Olympia, Wash. - With furlough notices poised to go out on Monday, the governor's office has released detailed documents showing the impact of a government shutdown. The governor will have to implement the plan if the state legislature doesn't agree on an operating budget by July 1.
"This not what we want to do," said Mary Ann Heuschel, Governor Inslee's Chief of Staff, "this is something that is legally required for us to do." And because union contracts require five to seven day's notice of furloughs, temporary layoff notices will go out Monday if a budget is not in place by then.
"It's kind of scary," said Anthony Distefano, who works at DSHS, "We have to pay bills and everything just like everybody else."
"Everyone is concerned because we have families we have to support and every dollar counts," said Stan Njuguna, who works at the Employment Security Department.
Officials say two-thirds of state agencies would have to shut down completely; parks, fish hatcheries, and the lottery would close. While state prisons would continue to hold inmates, criminals under community supervision would not be supervised and sex offenders would not be monitored. In an email sent to state workers, Governor Inslee wrote, "I know the uncertainty is hard on you, your colleagues and your families." State troopers and transportation projects would not be affected because both are paid for out of the transportation budget which has already passed.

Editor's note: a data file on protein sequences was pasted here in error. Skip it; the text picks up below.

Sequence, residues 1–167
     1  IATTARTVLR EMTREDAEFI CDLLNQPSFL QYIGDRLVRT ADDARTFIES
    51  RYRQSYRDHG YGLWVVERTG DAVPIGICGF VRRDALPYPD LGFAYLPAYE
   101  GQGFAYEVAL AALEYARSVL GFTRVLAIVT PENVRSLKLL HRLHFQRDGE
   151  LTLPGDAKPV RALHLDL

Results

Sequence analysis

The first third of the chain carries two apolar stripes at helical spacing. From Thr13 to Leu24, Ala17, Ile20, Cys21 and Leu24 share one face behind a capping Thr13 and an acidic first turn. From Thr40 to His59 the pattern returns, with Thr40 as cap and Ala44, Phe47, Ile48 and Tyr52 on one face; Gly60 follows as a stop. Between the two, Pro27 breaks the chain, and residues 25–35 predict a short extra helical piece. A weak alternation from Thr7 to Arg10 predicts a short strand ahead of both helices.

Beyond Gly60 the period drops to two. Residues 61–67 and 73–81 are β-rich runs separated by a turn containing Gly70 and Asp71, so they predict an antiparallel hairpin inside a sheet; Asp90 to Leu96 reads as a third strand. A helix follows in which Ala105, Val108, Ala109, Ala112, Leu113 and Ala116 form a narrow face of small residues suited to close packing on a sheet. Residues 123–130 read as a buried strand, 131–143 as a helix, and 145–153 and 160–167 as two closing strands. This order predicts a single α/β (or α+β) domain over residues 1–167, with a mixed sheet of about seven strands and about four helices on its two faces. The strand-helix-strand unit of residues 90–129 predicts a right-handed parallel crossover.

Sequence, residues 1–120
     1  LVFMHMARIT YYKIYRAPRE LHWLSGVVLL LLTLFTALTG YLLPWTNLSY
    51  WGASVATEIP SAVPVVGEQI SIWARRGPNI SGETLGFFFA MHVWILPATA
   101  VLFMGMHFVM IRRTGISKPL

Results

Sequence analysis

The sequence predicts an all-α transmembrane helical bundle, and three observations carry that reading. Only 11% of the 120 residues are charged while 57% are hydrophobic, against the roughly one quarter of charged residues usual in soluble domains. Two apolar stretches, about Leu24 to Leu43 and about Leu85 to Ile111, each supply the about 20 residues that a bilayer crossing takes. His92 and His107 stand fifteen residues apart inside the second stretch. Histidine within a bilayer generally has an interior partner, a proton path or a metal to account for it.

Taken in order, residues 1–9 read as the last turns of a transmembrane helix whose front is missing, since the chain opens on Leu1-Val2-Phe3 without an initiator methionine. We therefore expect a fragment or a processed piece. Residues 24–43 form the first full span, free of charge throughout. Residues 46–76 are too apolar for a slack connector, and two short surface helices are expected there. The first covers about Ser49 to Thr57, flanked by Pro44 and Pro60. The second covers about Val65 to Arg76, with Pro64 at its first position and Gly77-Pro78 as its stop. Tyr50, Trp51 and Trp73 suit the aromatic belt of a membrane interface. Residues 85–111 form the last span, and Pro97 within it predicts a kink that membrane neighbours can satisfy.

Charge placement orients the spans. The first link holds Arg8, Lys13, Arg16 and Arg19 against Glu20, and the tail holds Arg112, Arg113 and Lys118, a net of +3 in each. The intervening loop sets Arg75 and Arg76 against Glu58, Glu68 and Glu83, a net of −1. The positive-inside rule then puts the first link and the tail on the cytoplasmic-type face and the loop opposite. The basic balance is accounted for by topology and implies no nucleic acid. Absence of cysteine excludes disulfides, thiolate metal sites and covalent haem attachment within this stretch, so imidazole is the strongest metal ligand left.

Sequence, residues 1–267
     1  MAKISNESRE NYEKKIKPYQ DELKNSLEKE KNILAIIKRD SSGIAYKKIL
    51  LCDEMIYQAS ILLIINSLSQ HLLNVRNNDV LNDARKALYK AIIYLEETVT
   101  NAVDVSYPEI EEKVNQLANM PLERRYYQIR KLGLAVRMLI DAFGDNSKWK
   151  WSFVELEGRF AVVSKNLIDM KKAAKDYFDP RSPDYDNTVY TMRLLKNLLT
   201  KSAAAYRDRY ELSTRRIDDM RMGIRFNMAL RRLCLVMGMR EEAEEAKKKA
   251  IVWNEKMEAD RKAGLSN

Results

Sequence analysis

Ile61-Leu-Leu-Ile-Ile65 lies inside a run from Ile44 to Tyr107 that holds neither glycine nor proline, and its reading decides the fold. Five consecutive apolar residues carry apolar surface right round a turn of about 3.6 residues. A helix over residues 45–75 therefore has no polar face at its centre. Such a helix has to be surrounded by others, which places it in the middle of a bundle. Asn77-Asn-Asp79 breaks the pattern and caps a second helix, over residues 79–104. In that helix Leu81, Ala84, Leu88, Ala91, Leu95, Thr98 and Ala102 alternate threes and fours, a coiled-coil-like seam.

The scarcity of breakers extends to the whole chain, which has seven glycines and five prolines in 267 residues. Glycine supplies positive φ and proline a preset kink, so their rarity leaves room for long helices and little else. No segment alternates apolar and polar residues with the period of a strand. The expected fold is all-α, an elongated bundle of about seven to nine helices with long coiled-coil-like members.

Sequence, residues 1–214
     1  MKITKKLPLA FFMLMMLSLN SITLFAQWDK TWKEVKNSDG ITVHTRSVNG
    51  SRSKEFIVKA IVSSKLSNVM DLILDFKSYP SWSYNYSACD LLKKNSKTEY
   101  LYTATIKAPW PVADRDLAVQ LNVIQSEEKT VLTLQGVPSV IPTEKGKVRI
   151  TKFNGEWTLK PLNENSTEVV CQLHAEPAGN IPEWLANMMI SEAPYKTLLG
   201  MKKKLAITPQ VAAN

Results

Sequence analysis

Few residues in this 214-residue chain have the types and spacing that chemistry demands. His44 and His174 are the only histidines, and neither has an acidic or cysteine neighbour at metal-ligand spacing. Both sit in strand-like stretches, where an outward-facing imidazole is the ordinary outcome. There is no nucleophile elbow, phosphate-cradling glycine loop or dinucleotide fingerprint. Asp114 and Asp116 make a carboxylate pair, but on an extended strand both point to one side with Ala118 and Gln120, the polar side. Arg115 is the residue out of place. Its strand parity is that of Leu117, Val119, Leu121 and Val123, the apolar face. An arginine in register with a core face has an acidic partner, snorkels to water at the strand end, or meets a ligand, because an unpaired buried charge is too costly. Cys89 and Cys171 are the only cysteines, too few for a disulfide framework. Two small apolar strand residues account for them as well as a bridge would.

Leaders from the House and the Senate met behind closed doors to negotiate on the budget Thursday. "We're working to get this done as fast as possible," said Seattle Representative Frank Chopp (D), Speaker of the Democratic dominated House. The negotiations have been helped by a new revenue forecast that added $320 million to state coffers. "We are going to finish on Sunday," said Medina Senator Rodney Tom, leader of the Republican dominated Senate. "And there will be absolutely no shutdown of state government."